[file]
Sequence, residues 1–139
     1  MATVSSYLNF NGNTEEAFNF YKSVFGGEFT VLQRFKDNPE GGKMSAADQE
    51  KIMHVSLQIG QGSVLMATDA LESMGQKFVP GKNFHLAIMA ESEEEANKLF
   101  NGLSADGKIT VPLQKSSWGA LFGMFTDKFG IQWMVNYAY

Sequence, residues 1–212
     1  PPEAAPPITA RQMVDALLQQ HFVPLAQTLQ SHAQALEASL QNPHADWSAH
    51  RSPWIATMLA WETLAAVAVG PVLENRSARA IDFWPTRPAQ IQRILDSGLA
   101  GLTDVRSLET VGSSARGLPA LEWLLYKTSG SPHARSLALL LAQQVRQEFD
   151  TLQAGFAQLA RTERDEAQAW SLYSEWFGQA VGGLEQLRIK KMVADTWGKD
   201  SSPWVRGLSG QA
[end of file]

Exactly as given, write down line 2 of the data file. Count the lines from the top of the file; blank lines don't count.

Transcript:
     1  MATVSSYLNF NGNTEEAFNF YKSVFGGEFT VLQRFKDNPE GGKMSAADQE